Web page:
Article ID: 2777646 - View products that this article applies to.
On a Windows Server 2012-based computer or a Windows 8-based computer that connects to a server message block (SMB) 3.0 file share, SMB Multichannel ignores non-routable IP addresses if the network interface has both routable and non-routable IP addresses configured. This behavior occurs even though SMB Multichannel typically tries to connect with additional interfaces if multiple network interfaces exist, and tries to establish multiple TCP/IP connections for a Receive-Side Scaling (RSS) capable network interface.
Note Non-routable IP addresses include IPv6 link-local addresses and Automatic Private IP Addressing (APIPA) IPv4 addresses.
Consider the following example scenario:
This behavior is by design. SMB Multichannel uses non-routable IP addresses for a network interface only if no routable IP addresses are available for the interface. If a network interface has both non-routable and routable IP addresses configured, SMB Multichannel ignores the non-routable IP addresses.
In the example scenario, only one network interface (interface A) is used for the SMB session because the link-local addresses of the other interfaces are ignored by SMB Multichannel, and the client can connect only to the link-local address of the server. Additionally, only one TCP/IP connection is created for interface A because the link-local address of A is ignored by SMB Multichannel, and the client can connect only to the link-local address of the server.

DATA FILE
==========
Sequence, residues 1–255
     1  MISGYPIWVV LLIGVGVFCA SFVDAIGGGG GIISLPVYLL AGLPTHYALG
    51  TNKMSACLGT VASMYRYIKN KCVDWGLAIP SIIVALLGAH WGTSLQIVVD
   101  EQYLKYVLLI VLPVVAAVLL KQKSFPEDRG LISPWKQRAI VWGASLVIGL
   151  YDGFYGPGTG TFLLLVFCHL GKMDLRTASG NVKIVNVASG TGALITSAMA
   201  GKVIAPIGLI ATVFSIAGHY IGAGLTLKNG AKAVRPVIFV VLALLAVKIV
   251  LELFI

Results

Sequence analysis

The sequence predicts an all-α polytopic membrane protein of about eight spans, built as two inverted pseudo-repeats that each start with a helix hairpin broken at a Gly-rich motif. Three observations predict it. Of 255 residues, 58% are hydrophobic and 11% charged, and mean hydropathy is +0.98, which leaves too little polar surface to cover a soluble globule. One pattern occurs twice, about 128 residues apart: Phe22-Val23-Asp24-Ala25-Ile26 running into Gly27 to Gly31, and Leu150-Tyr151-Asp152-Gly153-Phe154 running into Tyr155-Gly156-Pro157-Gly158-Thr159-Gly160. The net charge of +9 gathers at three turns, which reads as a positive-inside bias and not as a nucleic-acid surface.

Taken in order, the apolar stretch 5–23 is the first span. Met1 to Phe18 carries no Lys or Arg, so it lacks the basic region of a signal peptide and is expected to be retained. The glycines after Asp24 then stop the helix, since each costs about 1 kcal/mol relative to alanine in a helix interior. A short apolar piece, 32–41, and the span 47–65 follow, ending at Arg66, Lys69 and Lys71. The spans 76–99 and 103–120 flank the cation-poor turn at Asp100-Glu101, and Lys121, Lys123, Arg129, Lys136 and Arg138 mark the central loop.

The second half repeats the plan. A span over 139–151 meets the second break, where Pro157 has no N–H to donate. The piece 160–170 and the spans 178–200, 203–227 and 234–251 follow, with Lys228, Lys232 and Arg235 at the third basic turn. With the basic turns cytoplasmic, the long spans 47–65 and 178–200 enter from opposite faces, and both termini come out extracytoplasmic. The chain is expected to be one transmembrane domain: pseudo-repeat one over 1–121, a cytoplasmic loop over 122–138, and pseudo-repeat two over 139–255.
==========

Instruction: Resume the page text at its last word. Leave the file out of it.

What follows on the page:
To work around this behavior, use one of the following methods to enable multiple connections for a network interface:
For more information about SMB Multichannel, go to the following Microsoft Server and Management Blog article:
The basics of SMB Multichannel, a feature of Windows Server 2012 and SMB 3.0APIPA IPv4 addresses use the 169.254.0.0/16 prefix. IPv6 link-local addresses use the FE80:: /64 prefix. For more information about APIPA IPv4 and IPv6 link-local addresses, go to the following Windows Server website:
Unicast IPv6 addressesFor more information about how SMB clients select network interfaces, go to the following MSDN website:
SMB tech document - Appendix A: Product Behavior
Article ID: 2777646 - Last Review: January 3, 2013 - Revision: 2.0